You can wait to see how Miami fills its roster out before you make a call on who could beat who. But I'll take Los Angeles right now, and I'll take it to the bank.

Thursday, July 8, 2010

I'm Back!

I coached a few friends of mine in church league basketball senior year of high school. One of the players was a close friend of mine, a 6-foot-2 power forward who played defensive end on his high school football team. He wasn't much for shooting, but he could rebound, block, and intimidate. He was our enforcer.

At halftime of a particularly close game, I approached him once and told him he only had one foul (he averaged about four per half). When I told him this, he began to grin.

"Really? That's about to change."

He fouled out before the end of the third quarter.

It's been over a year since I posted on this blog. But that's about to change.

I'm working in the features department for The Star Tribune in Minneapolis, Minn. For the first time in two years, my life isn't all sports, all the time. When it isn't your job (as it has been for me in the recent past), sports becomes a lot more fun. So I'd like to put some thoughts up here every once in a while (as my current job allows).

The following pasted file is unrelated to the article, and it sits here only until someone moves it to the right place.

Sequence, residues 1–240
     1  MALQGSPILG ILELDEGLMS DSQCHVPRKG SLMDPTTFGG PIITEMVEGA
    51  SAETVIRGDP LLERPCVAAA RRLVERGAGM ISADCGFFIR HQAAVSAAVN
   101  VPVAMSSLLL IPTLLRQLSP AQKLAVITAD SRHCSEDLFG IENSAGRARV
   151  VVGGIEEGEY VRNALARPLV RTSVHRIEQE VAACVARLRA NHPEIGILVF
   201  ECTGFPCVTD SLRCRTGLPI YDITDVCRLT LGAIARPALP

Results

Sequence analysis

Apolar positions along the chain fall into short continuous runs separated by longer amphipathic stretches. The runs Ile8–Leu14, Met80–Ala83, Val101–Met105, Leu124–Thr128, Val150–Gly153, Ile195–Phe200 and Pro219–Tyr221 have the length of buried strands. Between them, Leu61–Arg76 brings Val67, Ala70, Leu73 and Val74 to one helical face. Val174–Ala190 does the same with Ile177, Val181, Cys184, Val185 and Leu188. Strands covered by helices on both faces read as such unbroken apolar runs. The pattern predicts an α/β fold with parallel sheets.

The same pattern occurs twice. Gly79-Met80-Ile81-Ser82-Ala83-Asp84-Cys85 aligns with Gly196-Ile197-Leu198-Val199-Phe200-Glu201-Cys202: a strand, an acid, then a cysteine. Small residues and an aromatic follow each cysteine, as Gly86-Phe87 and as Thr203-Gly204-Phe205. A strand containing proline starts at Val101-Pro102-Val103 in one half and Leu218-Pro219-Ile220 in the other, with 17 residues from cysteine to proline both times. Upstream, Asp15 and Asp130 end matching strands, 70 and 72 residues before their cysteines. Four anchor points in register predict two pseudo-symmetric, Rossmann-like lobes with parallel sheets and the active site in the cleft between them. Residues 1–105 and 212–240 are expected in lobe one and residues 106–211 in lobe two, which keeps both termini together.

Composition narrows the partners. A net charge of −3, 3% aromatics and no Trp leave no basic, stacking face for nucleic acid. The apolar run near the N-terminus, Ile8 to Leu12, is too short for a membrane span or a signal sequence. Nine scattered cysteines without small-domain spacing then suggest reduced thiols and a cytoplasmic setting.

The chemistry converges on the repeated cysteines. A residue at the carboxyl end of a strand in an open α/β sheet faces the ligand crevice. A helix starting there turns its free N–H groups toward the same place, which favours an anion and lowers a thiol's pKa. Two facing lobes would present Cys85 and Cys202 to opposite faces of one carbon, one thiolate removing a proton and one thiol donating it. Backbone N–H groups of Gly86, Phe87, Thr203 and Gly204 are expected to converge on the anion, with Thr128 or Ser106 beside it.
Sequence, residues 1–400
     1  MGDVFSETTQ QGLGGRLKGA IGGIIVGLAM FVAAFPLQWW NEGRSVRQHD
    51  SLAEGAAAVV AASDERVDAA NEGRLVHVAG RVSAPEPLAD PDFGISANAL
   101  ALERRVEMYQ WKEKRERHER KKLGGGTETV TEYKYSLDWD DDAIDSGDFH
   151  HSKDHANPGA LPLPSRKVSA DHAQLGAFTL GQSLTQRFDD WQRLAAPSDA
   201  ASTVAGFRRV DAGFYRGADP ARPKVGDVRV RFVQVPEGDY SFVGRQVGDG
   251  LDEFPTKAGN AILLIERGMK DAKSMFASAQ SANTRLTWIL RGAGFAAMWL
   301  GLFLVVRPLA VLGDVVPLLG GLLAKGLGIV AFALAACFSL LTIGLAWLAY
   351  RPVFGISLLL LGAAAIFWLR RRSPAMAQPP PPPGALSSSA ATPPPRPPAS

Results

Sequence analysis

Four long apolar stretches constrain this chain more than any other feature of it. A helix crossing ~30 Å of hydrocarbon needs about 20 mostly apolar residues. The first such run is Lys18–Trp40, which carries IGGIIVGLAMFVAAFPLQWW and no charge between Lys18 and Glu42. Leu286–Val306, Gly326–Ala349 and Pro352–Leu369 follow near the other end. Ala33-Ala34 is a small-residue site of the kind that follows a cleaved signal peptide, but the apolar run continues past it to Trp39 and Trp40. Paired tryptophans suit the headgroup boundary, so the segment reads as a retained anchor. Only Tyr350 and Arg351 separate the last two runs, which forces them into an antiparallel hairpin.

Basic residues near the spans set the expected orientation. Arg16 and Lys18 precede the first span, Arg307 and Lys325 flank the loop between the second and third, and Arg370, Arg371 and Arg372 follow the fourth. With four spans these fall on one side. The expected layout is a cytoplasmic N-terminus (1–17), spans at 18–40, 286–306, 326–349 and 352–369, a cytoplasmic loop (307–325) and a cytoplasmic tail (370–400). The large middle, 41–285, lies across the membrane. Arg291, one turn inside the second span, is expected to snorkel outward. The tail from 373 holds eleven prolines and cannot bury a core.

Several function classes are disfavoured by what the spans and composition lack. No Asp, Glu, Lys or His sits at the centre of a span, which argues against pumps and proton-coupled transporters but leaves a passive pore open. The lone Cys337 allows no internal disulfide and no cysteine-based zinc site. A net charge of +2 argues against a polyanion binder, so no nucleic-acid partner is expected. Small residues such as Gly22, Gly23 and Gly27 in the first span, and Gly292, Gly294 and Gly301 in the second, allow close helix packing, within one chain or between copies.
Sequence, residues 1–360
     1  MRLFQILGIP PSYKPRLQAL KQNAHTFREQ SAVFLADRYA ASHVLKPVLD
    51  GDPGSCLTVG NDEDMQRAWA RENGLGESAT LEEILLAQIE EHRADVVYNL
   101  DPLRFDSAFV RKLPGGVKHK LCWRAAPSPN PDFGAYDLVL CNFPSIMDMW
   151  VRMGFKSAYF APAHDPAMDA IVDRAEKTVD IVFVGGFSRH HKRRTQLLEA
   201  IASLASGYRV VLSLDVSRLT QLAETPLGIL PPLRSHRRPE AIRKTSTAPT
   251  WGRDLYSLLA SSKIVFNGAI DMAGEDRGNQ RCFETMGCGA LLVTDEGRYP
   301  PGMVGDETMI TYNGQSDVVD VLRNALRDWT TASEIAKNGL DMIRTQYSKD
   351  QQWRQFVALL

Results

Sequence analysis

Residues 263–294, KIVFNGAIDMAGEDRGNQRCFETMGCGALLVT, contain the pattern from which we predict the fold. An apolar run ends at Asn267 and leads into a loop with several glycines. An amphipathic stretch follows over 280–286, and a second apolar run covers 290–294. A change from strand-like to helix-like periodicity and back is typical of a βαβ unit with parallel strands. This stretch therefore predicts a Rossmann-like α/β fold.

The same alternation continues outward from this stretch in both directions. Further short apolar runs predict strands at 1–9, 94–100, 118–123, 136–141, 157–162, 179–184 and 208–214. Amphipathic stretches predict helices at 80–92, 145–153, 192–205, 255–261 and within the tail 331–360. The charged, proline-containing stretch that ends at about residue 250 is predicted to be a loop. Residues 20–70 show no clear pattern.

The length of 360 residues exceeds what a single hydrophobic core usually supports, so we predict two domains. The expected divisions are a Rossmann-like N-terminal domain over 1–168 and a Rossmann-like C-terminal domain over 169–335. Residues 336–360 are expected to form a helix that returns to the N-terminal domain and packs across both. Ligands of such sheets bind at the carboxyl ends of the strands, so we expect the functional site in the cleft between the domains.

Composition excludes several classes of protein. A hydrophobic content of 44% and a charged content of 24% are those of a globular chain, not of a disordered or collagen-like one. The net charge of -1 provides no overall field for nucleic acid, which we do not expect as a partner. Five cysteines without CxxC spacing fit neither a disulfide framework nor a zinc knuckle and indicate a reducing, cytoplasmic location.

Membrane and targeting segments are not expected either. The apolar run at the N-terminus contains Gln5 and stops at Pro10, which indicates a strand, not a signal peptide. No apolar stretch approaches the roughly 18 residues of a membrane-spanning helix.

Maybe I'll get bored with it. Maybe I'll run out of things to talk about as the dog days of summer approach - I've never been much of one for baseball analysis. More likely, once the summer ends and I go back to writing sports full-time and start zombie-ing my day through classes, I won't have the time or the energy to post stuff on here.

But for now, I do. Let's see if I can enjoy this. Better yet, let's see if you can enjoy this.

Follow me on Twitter at

Tuesday, June 2, 2009

A Strange Brand of Hate

Memphis hates John Calipari.